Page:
This Isn’t What I Expected

I didn’t expect my first post to be about what you are about to read. That’s life, I guess. What better way to kick off a blog about life, family, and faith than a short post about all three? If you are touched by this or it resonates with you, please share. This is an issue that needs attention.

A cold October day. The 5th. All was well and then it happened. My father died. Sudden, unexpected cardiac arrest. 38 years old. No one was able to explain how it happened other than his heart was enlarged. It was a mystery to me…the then 9 year old girl who didn’t understand anything other than she lost her father.

Fast forward 3 months. Johns Hopkins. Days of testing. He was a Marfan’s suspect. Why? Because he was tall, 6’6” to be exact. That’s it. No other criteria. They evaluated me and said everything seemed fine. Genetic testing was not yet available…so the mystery of his sudden death remained.

That mystery has plagued me and my family ever since. The specialist had said my sister and I should receive echocardiograms every few years just to watch for changes. Every PCP (a total of 4) we have seen over the years convinced us we were overreacting. There was no legitimate concern. We were just anxious because of his death. There wasn’t an answer to find. We got bad advice from the specialist. I became convinced I was just overly worried. Then the palpitations began…

Then the abnormal EKG result came through…

Then, finally, after 24 years, a genetic test was done. We received the answer we had been trying to find for so very long.

Pathogenic mutation for Hypertrophic Cardiomyopathy or HCM.

24 years.

Let me say that again…24 YEARS!

Was I afraid? No. I knew all along something wasn’t right. I knew in my heart that my physicians were wrong. Fear wasn’t the emotion that came over me. I can only describe the feeling in two words. Separate but equally powerful.

Anger.

Vindication.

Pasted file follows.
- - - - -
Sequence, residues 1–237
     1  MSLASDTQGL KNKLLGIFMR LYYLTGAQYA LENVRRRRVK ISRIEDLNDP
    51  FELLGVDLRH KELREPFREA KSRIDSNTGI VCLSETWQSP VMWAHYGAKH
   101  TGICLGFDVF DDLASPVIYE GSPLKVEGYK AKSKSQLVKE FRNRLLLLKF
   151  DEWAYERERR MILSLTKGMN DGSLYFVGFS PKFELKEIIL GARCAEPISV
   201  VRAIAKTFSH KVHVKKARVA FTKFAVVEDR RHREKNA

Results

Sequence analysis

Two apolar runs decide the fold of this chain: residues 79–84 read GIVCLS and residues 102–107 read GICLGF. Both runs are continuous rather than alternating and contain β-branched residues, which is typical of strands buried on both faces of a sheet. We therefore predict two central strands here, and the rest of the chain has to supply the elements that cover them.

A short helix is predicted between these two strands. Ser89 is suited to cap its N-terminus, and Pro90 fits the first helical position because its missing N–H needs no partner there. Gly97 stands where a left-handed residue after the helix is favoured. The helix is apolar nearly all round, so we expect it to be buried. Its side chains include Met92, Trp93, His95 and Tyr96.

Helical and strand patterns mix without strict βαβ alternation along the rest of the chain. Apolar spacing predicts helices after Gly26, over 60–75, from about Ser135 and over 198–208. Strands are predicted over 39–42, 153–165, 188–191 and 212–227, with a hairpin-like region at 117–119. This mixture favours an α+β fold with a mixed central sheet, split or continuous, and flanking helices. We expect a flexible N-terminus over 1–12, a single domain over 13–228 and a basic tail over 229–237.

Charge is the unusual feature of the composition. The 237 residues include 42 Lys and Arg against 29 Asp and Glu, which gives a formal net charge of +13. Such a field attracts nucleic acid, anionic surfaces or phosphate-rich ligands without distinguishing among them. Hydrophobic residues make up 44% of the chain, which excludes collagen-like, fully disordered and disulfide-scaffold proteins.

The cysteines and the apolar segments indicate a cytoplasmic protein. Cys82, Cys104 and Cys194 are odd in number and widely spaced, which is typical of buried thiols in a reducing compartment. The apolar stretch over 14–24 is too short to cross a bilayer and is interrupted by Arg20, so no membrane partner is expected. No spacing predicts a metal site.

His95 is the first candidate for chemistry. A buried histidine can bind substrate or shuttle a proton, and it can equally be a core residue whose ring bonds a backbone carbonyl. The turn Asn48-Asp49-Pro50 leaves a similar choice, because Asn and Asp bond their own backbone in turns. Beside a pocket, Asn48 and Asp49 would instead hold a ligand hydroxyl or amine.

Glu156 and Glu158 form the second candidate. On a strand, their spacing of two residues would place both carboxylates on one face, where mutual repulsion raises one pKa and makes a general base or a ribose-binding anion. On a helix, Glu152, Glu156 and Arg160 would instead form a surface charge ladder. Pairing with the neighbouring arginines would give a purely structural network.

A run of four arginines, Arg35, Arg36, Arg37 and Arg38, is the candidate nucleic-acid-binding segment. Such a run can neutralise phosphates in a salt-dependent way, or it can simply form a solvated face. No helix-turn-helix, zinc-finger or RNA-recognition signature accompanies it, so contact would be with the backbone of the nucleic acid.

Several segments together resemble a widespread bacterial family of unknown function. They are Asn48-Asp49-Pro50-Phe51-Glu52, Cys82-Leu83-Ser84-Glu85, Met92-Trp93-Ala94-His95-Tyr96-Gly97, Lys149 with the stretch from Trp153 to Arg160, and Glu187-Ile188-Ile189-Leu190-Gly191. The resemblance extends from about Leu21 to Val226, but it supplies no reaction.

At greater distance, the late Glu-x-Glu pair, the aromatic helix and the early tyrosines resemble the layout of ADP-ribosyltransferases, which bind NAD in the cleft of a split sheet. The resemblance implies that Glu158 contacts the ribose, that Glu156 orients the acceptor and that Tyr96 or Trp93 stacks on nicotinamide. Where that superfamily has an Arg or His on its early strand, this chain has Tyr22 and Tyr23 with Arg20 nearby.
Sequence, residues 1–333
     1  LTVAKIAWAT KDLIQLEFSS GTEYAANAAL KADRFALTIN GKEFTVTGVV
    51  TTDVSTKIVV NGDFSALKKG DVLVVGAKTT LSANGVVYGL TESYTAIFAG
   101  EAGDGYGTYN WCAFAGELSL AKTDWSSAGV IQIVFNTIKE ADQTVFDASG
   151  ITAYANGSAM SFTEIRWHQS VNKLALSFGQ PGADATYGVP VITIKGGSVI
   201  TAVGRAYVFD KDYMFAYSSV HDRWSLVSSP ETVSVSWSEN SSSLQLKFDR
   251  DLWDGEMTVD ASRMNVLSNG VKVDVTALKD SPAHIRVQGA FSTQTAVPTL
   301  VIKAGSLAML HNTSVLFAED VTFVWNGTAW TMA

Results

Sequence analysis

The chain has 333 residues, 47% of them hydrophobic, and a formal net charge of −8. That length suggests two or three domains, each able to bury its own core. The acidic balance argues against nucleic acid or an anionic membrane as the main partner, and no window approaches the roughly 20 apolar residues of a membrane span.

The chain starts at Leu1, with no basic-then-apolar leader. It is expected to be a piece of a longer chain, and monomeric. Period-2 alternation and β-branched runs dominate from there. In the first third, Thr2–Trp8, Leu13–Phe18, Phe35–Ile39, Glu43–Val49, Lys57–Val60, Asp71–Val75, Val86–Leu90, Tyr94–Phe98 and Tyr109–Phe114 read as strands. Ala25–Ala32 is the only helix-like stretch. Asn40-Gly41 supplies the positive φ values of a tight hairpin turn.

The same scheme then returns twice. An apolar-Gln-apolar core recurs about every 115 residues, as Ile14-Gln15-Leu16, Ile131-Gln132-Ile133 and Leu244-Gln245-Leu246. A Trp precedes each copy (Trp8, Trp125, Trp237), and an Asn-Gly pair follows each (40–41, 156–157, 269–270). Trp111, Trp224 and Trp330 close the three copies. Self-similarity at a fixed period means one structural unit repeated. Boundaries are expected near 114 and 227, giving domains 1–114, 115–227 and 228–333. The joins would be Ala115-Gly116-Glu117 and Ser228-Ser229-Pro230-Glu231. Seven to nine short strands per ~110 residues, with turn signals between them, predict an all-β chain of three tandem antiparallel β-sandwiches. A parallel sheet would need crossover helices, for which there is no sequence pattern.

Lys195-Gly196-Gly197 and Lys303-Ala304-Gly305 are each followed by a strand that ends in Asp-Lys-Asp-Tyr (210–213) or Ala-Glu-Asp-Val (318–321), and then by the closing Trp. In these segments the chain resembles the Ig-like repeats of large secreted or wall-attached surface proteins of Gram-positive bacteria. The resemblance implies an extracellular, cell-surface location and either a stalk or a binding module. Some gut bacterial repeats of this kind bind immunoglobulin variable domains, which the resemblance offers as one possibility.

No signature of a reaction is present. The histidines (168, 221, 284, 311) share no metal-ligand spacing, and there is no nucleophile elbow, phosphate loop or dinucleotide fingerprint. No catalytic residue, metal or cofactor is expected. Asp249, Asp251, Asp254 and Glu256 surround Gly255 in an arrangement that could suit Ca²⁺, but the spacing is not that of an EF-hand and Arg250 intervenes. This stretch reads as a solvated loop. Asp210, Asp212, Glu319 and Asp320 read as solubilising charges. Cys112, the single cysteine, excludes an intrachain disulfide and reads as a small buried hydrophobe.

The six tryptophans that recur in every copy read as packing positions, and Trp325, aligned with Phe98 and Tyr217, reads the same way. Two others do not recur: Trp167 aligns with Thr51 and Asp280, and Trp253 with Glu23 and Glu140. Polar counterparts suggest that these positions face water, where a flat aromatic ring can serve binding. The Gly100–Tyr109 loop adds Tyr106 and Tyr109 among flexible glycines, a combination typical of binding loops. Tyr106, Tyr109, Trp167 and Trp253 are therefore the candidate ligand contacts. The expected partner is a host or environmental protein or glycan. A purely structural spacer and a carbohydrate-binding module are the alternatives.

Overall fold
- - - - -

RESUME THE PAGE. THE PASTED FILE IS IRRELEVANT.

Anger, I am so angry that a handful of doctors did not see this possibility. I am angry that it took so long for this to be identified. I’m angry that I was made to believe that I was somehow neurotic for self-advocating.

Vindication- I was right. I was justified in my search. Not that anyone wants to be right about this sort of thing. But, I had done the right thing by pushing and pushing….pushing for an answer.

Do I have a right to feel this way? Yes, I do. They should have suspected it.

My father died in 1991 and as early as 1993 famous athletes had died of the same cause at abnormally young ages.

When a specialist at Johns Hopkins suggests it might possibly be a genetic condition, I expect a PCP to listen.

The pain and confusion my family has been through for the past few years was unnecessary. A prolonged sort of grief, not that grief ever truly resolves, but this entire question just made it all the worse.

Am I mad that I have the mutation? No. Not even a little bit. I’m sure we all handle these things differently. Some experience grief of their own, anger, sadness, denial. It doesn’t bother me emotionally too much. After 24 years of searching, I am grateful for an answer.

I am thankful. Blessed. Happy to know that it is something that can be watched and monitored. Happy to finally have a physician who knows what he is doing.

It’s like this- Everyone has something. At some point in time everyone will have health problems or a crisis to deal with. We cannot expect perfection from our bodies.

What we can expect is for educated people to effectively do their job and listen to us.

If I feel anything from all of this it is the need to spread the word…not just for HCM, but for self-advocacy.

You know your body. Granted, anxiety can cause us to think something is wrong when in fact all is well.

But in this case, in a situation that is similar to this one- advocate, advocate, advocate!

Know what you need and know where to get it.

This is my journey with HCM….as of today I am genotype positive, phenotype negative. That means it’s there, but clinical symptoms have not manifested. I have a bit of cardiac testing ahead of me, but I will continue to have faith in God, think positive, and NEVER stop advocating for myself and my family.

To sum it up I will refer to a quote that has really gotten me through the past few weeks-

“I trust God with my life. After all, He gave it to me.”

 

 

 

 

 

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3 thoughts on “This Isn’t What I Expected

  1. Sarah's Attic of Treasures says:

    Andy, not sure what to say. For a first post you said more than many people ever do. I am sorry that you were so young when your father died.
    I also understand emotional roller coasters. I have been on one since my son died and I left Colorado for Florida. . Hugs

    Like

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